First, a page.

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Holiday Hope: Challenged Child and Friends benefits all types of students
Brooke Ellis, 1, enjoys pajama day at Challenged Child & Friends on the final day before Christmas vacation.

About this series

This holiday season, The Times will profile residents who have put their lives on track with help from local agencies.

For sisters Brooke and Bailey Ellis, going to school together is special.

Three-year-old Bailey has special needs, while her 1-year-old sister Brooke is a typical learner. Both girls go to preschool at Challenged Child and Friends.

“It’s a wonderful organization,” said Ashley Ellis, Brooke and Bailey’s mother. “We didn’t realize what it offered until we were actually involved. A lot of people still don’t know what it’s about, but it’s unique and we don’t know what we would do without it.”

Shortly before Bailey’s first birthday, Ellis and her husband, Shawn, discovered their daughter had developmental delays. They were trying to find a day care for her when they realized she had particular needs from her caretakers.

Ashley Ellis said she learned about Challenged Child and Friends from a co-worker. They soon realized it was a

perfect fit for their family.

“She has just grown leaps and bounds,” Ellis said of Bailey. “She wasn’t even able to sit up when she first came here, and she is almost independently walking now.”

Linda Plants has taught Bailey for two years. She said the progress Bailey’s made in that time has been amazing.

“She’s very interested,” Plants said. “And there are attachments. She and I have a special relationship and when we come in the room you see her become excited. We’ve seen that grow so much over the last couple of years.”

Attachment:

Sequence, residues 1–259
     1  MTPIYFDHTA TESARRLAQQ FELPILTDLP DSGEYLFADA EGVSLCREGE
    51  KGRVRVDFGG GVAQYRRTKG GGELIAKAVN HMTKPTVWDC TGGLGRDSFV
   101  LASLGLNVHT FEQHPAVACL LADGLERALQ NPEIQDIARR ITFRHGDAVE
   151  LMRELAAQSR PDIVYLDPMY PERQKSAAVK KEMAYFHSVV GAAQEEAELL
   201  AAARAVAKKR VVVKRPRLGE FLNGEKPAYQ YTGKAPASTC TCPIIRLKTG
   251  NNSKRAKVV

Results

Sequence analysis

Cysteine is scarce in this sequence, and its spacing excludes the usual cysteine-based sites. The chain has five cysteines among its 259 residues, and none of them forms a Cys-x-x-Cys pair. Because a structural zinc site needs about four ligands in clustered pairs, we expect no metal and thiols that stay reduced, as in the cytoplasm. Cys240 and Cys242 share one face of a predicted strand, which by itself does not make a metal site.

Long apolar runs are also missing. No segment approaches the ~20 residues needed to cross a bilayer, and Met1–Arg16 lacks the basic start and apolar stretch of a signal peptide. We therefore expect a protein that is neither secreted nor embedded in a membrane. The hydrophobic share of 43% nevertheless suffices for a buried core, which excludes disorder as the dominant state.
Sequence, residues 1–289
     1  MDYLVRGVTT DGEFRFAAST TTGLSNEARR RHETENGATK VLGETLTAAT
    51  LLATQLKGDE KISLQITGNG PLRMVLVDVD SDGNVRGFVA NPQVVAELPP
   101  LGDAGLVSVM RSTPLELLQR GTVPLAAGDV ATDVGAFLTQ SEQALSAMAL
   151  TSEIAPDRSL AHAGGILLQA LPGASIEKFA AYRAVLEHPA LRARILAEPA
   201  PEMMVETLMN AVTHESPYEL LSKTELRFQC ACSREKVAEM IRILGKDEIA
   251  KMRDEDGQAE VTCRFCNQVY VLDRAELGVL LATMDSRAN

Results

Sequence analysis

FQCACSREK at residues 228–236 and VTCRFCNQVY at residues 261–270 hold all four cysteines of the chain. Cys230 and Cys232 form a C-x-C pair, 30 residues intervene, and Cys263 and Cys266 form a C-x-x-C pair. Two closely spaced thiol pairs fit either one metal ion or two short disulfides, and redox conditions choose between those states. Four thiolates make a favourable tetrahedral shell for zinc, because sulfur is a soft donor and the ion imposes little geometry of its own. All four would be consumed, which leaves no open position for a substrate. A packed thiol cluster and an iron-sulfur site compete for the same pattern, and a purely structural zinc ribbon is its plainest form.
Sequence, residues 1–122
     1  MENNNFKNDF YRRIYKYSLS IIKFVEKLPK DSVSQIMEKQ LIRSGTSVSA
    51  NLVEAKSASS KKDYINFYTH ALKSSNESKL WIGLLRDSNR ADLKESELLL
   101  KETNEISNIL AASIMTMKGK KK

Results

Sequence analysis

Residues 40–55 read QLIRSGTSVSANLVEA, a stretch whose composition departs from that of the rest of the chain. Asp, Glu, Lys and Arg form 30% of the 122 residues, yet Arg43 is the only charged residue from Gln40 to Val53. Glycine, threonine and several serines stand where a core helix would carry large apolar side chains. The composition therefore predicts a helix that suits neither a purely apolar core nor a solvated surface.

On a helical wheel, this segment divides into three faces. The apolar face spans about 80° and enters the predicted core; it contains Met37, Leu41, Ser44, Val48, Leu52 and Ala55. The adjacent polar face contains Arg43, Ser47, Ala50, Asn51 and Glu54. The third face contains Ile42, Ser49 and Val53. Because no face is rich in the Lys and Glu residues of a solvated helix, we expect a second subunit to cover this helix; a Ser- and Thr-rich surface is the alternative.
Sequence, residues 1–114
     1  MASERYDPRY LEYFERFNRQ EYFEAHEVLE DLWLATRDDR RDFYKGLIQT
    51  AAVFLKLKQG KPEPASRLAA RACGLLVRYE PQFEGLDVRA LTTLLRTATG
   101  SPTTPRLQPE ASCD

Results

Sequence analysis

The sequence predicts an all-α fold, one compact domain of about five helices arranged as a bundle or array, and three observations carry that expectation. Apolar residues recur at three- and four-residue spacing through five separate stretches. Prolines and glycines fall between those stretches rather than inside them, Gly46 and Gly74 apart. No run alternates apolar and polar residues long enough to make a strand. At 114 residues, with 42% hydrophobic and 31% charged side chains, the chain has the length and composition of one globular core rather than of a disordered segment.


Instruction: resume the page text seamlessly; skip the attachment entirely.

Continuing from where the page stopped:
Brooke has attended the preschool since she was 7 months old, and Ashley Ellis said it was “a no-brainer” for them to send her to Challenged Child, too.

“She’s just thrived here,” Ashley Ellis said. “She’s actually more advanced than many of her peers, and I think that’s really because of Challenged Child and Friends.”

Cindy Wilson, development and marketing director, said the school is Southern Association of Colleges and Schools accredited and has a strong curriculum for typical learners. She said many parents of typically learning children send their children to the school because of the quality of the curriculum and the structured environment.

Wilson said Challenged Child and Friends is meant especially for a family like the Ellises.

“Studies have shown that early intervention and integration is so key for children with special needs along with typically developing children,” Wilson said. “They are together in a learning environment and our typical children learn compassion, while our children with special needs learn normal practices from their typical peers.”

Ashley Ellis said she was also grateful Brooke has the opportunity to learn and become sensitized to special needs peers.

“For her to have that interaction with special needs children was important,” Ashley Ellis said. “She will always have a special needs sibling.”

Ashley Ellis said she and her husband both work, which would make Bailey’s weekly physical therapy, speech therapy and occupational therapy difficult. But Challenged Child and Friends is “a one-stop shop” for parents of special needs children.

“We both work full time, which is a struggle when you have a special needs child,” she said. “Just in that aspect, for Bailey to get therapy here is huge, because we’re not having to take her to four different therapies a week.”

The school admits children ages 6 months to 6 years old. Bailey, who turns 4 on New Year’s Eve, will have one year left after this school year.

“It’s bittersweet,” Ashley Ellis said. “You want the kids to start with their typical peers, but I wish we could just carry on here. This place is special.”